There are several kinds of players in the fertilizer retail market including importer-managed outlets, cooperative-managed outlets, chain stores and supermarkets, agro-dealers, and parastatals’ unit markets (Kelly et al., 2010). The participation of the private sector in the retail marketing of subsidized fertilizers has been the most difficult aspect in relation to the development of the private input markets across the country. As noted above, the private sector was allowed to redeem fertilizer vouchers only in the 2006/7 and 2007/8 seasons.

In the 2006/7 season, a total of 174,688 metric tons of subsidized fertilizers was sold to smallholder farmers with ADMARC and SFFRFM sales accounting for 72% of fertilizer sales and the private retailers accounting for 28% (School of Oriental and African Studies et al., 2008). The private sector continued to participate in retail of subsidized fertilizers in 2007/8, with the innovation of a remote market premium. According to Logistics Unit (2008), ‘in certain extension planning areas (EPAs) within the districts where private sector involvement had been limited in the previous year, it was agreed to pay the retailers an additional sum of either 100MK or 200MK per voucher depending based on last year’s sales figures for each EPA’. Kelly et al. (2010) find that the ‘remoteness’ premium encouraged the private sector to provide inputs in more locations in 2007/8 than in the previous season, although there was no evidence that such outreach was on a medium to long term basis.

Those in favour of private sector participation in fertilizer subsidy retail sales point to several benefits, including efficiency, freeing government resources, facilitating a strategy for promoting input markets in remote areas, broadening of choice of and competition between outlets for smallholder farmers, and reducing transaction costs and costs of queuing. However, opponents of private sector participation in the subsidy fertilizer retail market argue that the private sector cannot be trusted as they may be exchanging coupons for other merchandise rather than fertilizers in the absence of an audit system,3 the available stocks held by private sector firms cannot be verified, that there is a high incidence of fraud in the private sector, and that private sector sales make it difficult to control the cost of the subsidy programme. These arguments were cited as grounds for the government’s decision to exclude the private sector from retail sales of subsidized fertilizer from 2008/9 onwards.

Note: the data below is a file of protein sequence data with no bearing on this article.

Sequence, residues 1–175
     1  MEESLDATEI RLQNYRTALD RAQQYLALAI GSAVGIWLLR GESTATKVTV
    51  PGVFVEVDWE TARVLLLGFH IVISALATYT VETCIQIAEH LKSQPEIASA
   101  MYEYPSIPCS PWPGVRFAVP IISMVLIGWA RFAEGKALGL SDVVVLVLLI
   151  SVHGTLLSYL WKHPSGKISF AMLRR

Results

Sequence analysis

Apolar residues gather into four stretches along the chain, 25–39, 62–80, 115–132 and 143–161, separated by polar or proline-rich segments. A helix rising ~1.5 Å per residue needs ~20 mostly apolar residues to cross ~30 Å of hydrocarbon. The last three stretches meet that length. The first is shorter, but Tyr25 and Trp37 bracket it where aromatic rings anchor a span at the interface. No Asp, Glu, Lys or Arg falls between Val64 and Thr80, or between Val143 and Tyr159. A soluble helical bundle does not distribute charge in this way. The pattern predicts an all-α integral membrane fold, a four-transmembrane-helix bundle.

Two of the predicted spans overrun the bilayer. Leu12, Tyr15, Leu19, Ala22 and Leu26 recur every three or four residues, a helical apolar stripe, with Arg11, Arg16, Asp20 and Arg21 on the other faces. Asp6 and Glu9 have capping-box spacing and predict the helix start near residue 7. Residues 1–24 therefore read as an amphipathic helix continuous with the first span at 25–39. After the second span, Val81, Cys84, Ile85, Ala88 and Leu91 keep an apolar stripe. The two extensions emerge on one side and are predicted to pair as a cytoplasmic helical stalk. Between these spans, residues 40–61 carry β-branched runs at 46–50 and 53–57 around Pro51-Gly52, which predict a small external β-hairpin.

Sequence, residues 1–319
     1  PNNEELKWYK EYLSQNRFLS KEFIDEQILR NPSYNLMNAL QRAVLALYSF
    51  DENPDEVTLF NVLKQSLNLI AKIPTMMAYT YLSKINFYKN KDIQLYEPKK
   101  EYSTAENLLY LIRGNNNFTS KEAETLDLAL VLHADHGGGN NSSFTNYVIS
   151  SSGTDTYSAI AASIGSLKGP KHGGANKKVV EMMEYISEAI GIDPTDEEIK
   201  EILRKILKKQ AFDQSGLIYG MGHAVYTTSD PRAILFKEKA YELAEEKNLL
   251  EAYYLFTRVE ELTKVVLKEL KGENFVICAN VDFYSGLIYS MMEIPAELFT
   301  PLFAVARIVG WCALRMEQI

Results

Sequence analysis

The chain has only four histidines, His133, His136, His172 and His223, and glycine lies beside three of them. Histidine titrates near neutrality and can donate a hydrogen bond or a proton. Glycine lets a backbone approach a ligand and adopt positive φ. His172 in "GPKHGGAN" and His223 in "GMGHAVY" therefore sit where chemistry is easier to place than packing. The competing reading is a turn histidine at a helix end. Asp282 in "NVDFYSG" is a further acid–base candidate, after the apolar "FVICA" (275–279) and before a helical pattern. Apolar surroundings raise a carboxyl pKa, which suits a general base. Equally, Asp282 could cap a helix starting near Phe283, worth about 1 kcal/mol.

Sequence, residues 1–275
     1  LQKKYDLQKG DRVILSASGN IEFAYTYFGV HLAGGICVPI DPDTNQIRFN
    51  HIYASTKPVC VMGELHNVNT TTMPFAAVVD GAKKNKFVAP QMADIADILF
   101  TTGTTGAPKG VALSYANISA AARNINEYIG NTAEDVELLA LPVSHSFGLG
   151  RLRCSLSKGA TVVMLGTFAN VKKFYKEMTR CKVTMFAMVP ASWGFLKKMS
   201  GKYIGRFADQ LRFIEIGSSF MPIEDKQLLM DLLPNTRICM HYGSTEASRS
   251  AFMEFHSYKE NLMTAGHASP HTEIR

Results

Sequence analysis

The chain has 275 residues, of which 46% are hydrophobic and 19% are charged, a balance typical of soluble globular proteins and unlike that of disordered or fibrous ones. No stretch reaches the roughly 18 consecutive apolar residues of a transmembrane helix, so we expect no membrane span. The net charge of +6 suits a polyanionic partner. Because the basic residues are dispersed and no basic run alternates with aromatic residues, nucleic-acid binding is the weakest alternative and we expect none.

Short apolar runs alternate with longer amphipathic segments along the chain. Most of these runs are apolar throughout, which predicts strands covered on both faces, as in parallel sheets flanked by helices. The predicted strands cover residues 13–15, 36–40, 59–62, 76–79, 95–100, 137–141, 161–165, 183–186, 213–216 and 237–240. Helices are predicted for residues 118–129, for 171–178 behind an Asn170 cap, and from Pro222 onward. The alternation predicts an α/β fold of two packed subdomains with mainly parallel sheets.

Counter-arguments are that there is also evidence of fraud and corruption by some parastatal sales clerks, and that effective cost control should be achieved through control of coupon issue—as has been achieved from the (p.178) 2009/10 season (although difficulties are also illustrated by major problems with excess seed costs in 2010/11 as a result of problems in detecting large numbers of counterfeit seed vouchers).

8.4.3. Fertilizer sales trends: evidence from household surveys

The household surveys shed light on the trends in the commercial sales of fertilizers among smallholder farmers. Figure 8.6 shows the various retail channels from which households reported purchasing their commercial fertilizers in the 2006/7, 2008/9, and 2010/11 seasons. The proportion of households accessing private company market outlets for commercial purchases has increased significantly from about 6% in the 2006/7 season to about 30% in 2010/11. This increasing trend is also evident in the use of club or farmer cooperatives as a source of commercial fertilizers. The purchase of fertilizers on a commercial basis from parastatals has been falling, from 18% in 2006/7 to about 13% in the 2010/11 season. These figures suggest that commercial sales of fertilizers have flourished in the presence of the subsidy programme. Although, the private sector has been excluded in the retail of subsidized fertilizers, the subsidy programme might have stimulated demand for commercial fertilizers, thereby promoting private sector development.

Impacts on input market development

Figure 8.6. Sources of households’ commercial fertilizer purchases, 2006/7–10/11

Source: Computed by authors based on AISS1, AISS2, and AISS3.

(p.179)